Cell-mediated immunity

Cell-mediated immunity is an immune response that does not involve antibodies. Rather, cell mediated immunity is the activation of phagocytes, antigen-specific cytotoxic T-lymphocytes, and the release of various cytokines in response to antigen. Historically, the immune system was separated into two branches: humoral immunity, for which the protective function of immunization could be found in the humor (cell-free bodily fluid or serum) and cellular immunity, for which the protective function of immunization was associated with cells. CD4 cells or helper T cells provide protection against different pathogens. Naive T cells, mature T cells that have yet to encounter an antigen, are converted into activated effector T cells after encountering antigen-presenting cells (APCs). These APCs, such as macrophages, dendritic cells, and B cells in some circumstances, load antigenic peptides onto the MHC of the cell, in turn presenting the peptide to receptors on T cells. The most important of these APCs are highly specialized dendritic cells; conceivably operating solely to ingest and present antigens. [1]

Activated Effector T cells can be placed into three functioning classes, detecting peptide antigens originating from various types of pathogen: The first class being 1) Cytotoxic T cells, which kill infected target cells by apoptosis without using cytokines, 2) TH1 cells, which primarily function to activate macrophages, and 3) TH2 cells, which primarily function to stimulate B cells into producing antibodies.[1]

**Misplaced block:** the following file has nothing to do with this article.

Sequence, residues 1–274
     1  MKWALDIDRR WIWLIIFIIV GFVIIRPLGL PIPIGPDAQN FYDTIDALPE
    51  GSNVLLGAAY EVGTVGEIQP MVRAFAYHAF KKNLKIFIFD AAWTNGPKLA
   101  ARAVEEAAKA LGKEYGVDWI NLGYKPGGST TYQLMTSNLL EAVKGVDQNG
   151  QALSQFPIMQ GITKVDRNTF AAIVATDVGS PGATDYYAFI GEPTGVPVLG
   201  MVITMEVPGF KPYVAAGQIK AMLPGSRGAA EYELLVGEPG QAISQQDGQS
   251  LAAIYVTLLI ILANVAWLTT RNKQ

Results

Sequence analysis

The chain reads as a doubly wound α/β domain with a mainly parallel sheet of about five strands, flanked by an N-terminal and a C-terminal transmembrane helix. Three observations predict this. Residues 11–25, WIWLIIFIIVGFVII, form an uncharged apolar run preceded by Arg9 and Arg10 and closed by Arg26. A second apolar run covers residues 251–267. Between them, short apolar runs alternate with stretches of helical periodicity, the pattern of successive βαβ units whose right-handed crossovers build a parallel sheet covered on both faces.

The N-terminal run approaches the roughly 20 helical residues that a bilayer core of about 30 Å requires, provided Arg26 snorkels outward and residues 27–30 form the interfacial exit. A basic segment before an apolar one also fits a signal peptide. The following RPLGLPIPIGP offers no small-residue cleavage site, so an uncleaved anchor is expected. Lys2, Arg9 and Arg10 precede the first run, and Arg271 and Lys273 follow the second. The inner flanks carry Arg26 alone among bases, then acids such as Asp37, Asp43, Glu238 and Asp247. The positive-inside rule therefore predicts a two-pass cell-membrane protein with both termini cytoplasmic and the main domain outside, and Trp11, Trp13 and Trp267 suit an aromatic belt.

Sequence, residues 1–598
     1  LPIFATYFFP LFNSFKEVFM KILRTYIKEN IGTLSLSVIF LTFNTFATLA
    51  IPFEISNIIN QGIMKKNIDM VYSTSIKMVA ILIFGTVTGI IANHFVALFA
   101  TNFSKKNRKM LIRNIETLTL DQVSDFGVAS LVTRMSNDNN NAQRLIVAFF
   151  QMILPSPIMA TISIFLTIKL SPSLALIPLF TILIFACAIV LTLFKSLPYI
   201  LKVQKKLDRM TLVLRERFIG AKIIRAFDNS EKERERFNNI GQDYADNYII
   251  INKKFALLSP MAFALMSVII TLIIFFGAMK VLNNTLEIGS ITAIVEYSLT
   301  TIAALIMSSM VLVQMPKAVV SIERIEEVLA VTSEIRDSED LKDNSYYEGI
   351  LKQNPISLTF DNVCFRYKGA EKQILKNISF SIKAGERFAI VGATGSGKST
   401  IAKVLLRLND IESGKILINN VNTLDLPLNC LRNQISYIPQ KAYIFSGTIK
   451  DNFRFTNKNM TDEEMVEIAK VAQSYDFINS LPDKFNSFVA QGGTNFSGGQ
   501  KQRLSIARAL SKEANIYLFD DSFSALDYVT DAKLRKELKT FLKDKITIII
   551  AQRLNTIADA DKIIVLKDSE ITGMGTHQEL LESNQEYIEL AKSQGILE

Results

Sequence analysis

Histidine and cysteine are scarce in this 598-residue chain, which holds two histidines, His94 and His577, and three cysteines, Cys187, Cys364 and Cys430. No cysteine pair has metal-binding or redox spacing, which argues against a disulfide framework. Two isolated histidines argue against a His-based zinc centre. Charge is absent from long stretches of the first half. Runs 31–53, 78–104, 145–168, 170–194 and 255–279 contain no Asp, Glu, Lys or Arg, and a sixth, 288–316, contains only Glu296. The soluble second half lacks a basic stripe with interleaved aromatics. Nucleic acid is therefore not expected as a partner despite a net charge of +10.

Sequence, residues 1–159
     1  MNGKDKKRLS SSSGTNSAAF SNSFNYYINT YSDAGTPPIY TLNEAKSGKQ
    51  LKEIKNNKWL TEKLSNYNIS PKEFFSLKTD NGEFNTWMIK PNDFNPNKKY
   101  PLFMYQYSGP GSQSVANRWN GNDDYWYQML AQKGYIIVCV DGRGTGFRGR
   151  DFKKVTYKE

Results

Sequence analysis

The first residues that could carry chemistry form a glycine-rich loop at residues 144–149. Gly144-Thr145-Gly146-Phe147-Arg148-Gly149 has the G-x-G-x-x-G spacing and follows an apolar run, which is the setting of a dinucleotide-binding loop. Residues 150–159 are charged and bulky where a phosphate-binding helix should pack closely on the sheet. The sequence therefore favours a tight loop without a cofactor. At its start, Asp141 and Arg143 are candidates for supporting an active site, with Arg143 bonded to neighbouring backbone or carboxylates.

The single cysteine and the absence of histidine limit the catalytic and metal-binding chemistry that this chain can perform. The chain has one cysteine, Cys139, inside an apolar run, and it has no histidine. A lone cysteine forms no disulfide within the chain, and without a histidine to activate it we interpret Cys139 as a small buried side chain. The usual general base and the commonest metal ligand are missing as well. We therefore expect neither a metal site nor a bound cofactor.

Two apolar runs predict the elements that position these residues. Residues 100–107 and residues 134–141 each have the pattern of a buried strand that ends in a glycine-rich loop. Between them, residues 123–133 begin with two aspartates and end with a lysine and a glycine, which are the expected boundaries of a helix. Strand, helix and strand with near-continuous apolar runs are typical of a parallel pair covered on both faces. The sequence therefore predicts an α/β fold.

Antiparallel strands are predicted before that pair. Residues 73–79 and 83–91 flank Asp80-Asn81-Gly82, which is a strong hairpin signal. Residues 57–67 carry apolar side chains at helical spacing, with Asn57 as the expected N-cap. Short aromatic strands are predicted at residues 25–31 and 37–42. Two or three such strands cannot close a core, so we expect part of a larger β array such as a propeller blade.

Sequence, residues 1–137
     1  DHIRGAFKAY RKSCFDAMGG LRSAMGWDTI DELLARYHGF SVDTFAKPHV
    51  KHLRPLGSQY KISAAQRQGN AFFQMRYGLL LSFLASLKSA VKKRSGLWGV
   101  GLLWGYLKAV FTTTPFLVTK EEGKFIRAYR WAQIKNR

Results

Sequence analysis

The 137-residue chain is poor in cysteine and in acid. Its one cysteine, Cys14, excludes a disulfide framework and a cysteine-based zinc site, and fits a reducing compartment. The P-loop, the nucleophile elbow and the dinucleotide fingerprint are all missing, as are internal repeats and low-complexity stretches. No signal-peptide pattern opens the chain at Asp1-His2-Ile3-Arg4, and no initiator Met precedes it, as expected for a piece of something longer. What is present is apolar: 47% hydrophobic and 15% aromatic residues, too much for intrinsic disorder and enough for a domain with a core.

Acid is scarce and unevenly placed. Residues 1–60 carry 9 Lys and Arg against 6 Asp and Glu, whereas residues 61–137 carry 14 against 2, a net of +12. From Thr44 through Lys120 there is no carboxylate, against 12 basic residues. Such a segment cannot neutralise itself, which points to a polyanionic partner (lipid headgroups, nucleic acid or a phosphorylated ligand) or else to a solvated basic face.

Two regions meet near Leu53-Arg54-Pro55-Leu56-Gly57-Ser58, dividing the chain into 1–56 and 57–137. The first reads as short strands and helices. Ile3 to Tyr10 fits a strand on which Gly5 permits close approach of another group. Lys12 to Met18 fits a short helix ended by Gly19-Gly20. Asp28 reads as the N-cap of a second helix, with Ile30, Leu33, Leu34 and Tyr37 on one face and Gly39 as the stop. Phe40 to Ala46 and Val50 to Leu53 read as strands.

The innate immune system and the adaptive immune system each comprise both humoral and cell-mediated components.

Cellular immunity protects the body through:

  • T-cell mediated immunity or T-cell immunity: activating antigen-specific cytotoxic T cells that are able to induce apoptosis in body cells displaying epitopes of foreign antigen on their surface, such as virus-infected cells, cells with intracellular bacteria, and cancer cells displaying tumor antigens;
  • Macrophage and natural killer cell action: enabling the destruction of pathogens via recognition and secretion of cytotoxic granules (for natural killer cells)[2] and phagocytosis (for macrophages)[3]; and
  • Stimulating cells to secrete a variety of cytokines that influence the function of other cells involved in adaptive immune responses and innate immune responses.[2][3]

Cell-mediated immunity is directed primarily at microbes that survive in phagocytes and microbes that infect non-phagocytic cells. It is most effective in removing virus-infected cells, but also participates in defending against fungi, protozoans, cancers, and intracellular bacteria. It also plays a major role in transplant rejection.

See also


  1. Janeway, Charles; Travers, Paul; Walport, Mark; Shlomchik, Mark (2001). Immunobiology (5th ed.). New York: Garland Science. ISBN 978-0-8153-3642-6. Retrieved 24 January 2017.
  2. Eissmann, Philipp. "Natural Killer Cells". British Society for Immunology. British Society for Immunology. Retrieved 8 November 2018.
  3. Saldana, José. "Macrophages". British Society for Immunology. British Society for Immunology. Retrieved 8 November 2018.

Further reading

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